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India Republic Day: Largest Democracy Tops World Slavery Charts

India, often described as the world's largest democracy, is home of 18.3 million slaves, the highest number of people trapped in modern slavery anywhere in the world, according to Global Slavery Index 2016 report.

Global Slavery Chart

The report says ten countries with the largest estimated absolute numbers
of people in modern slavery include some of the world’s most
populous countries: India, China, Pakistan, Bangladesh,
Uzbekistan, North Korea, Russia, Nigeria, the Democratic
Republic of the Congo, and Indonesia.

In terms of percentages, North Korea (4.37%) tops the slavery list followed by Uzbekistan (3.97%), Cambodia (1.6%), India (1.4%), Qatar (1.3%), Pakistan (1.1%), Democratic Republic
of the Congo (1.1%), Sudan (1.1%), Iraq (1.1%), Afghanistan (1.1%) and Yemen (1.1%).

The Global Slavery Index defines modern slavery as a situation where “a person cannot refuse or leave because of threats, violence, coercion, abuse of power or deception, with treatment akin to a farm animal.” Others in the category of modern slavery include victims of human trafficking, forced labor, debt bondage, forced or servile marriage, and the sale and exploitation of children.

In addition to the 18.3 million slaves in India, there are hundreds of millions of Indians trapped in abject poverty in one of the most unequal societies in the world today.  Depth of deprivation in India can best be judged by Multi-dimensional Poverty Index (MPI) that comprehends 10 indicators, with equal weighting for education, health and living standards. Indian farmers are among the worst affected with a farmer committing suicide every 30 minutes. An OXFAM report on inequality released by the World Economic Forum 2017 at Davos, Switzerland, said the richest 1% of Indians own 58% of the country's wealth.

In spite of India's serious socioeconomic problems of slavery and poverty, the country now boats the world's third largest military budget. India's leader Prime Minister Narendra Modi is flexing his nation's military muscles with nuclear missiles, fighter jets, attack submarines and helicopters on Republic Day celebration in New Delhi today.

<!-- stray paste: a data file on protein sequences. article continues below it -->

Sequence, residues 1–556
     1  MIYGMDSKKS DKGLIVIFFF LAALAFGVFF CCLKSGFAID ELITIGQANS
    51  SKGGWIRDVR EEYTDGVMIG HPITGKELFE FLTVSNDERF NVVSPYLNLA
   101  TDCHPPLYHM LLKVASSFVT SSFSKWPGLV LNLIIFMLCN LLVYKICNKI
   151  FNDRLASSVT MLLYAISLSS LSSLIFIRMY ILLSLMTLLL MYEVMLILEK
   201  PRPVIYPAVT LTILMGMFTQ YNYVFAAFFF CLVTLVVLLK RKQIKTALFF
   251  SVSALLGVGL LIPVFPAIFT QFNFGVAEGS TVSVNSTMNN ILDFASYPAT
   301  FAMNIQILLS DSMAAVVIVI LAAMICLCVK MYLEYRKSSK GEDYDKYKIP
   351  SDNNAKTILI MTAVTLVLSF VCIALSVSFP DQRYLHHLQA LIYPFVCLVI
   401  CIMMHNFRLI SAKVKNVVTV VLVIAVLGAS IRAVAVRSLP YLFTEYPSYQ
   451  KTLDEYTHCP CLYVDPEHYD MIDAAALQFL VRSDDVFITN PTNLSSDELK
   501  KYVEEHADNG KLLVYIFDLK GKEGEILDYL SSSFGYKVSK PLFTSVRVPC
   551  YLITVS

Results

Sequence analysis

While India ranks 3rd in the world in military spending, it spends just 0.72% of GDP on social safety net,  ranking lower than its neighbors Pakistan (1.89%) and Bangladesh (1.09%), according to the World Bank.



In the new Trumpian world of "alternative facts", India stands out as a leader in "post-truth" era described by Indian writer Ranjit Goswami, Vice Chancellor of RK University in Gujarat, India. Here's an excerpt of what he recently wrote in "The Conversation" journal:


"....as the US and UK wake up to this new (post-truth) era, it’s worth noting that the world’s largest democracy (India) has been living in a post-truth world for years.

From education to health care and the economy, particularly its slavish obsession with GDP, India can be considered a world leader in post-truth politics.

India’s post-truth era cannot be traced to a single year – its complexities go back generations. But the election of Narendra Modi in 2014 can be marked as a significant inflection point. Ever since, the country has existed under majoritarian rule with widely reported discrimination against minorities.

India’s version of post-truth is different to its Western counterparts due to the country’s socioeconomic status; its per capita nominal income is less than 3% of that of the US (or 4% of that of the UK). Still, post-truth is everywhere in India.

It can be seen in our booming Wall Street but failing main streets, our teacher-less schools and our infrastructure-less villages. We have the ability to influence the world without enjoying good governance or a basic living conditions for so many at home.

Modi’s government has shown how key decisions can be completely divorced from the everyday lives of Indian citizens, but spun to seem like they have been made for their benefit. Nowhere is this more evident than with India’s latest demonetization drive, which plunged the country into crisis, against the advice of its central bank, and hit poorest people the hardest.


Despite the levels of extreme poverty in India, when it comes to social development, the cult of growth dominates over the development agenda, a trend that Modi has exacerbated, but that started with past governments.

The dichotomy of India’s current post-truth experience was nicely summed up by Arun Shourie, an influential former minister from Modi’s own party. He disagrees with the prime minister, just as many Republicans share sharp differences of opinion with President Trump.

Shourie said the policies of the current administration were equal to his predecessors’ policies, plus a cow."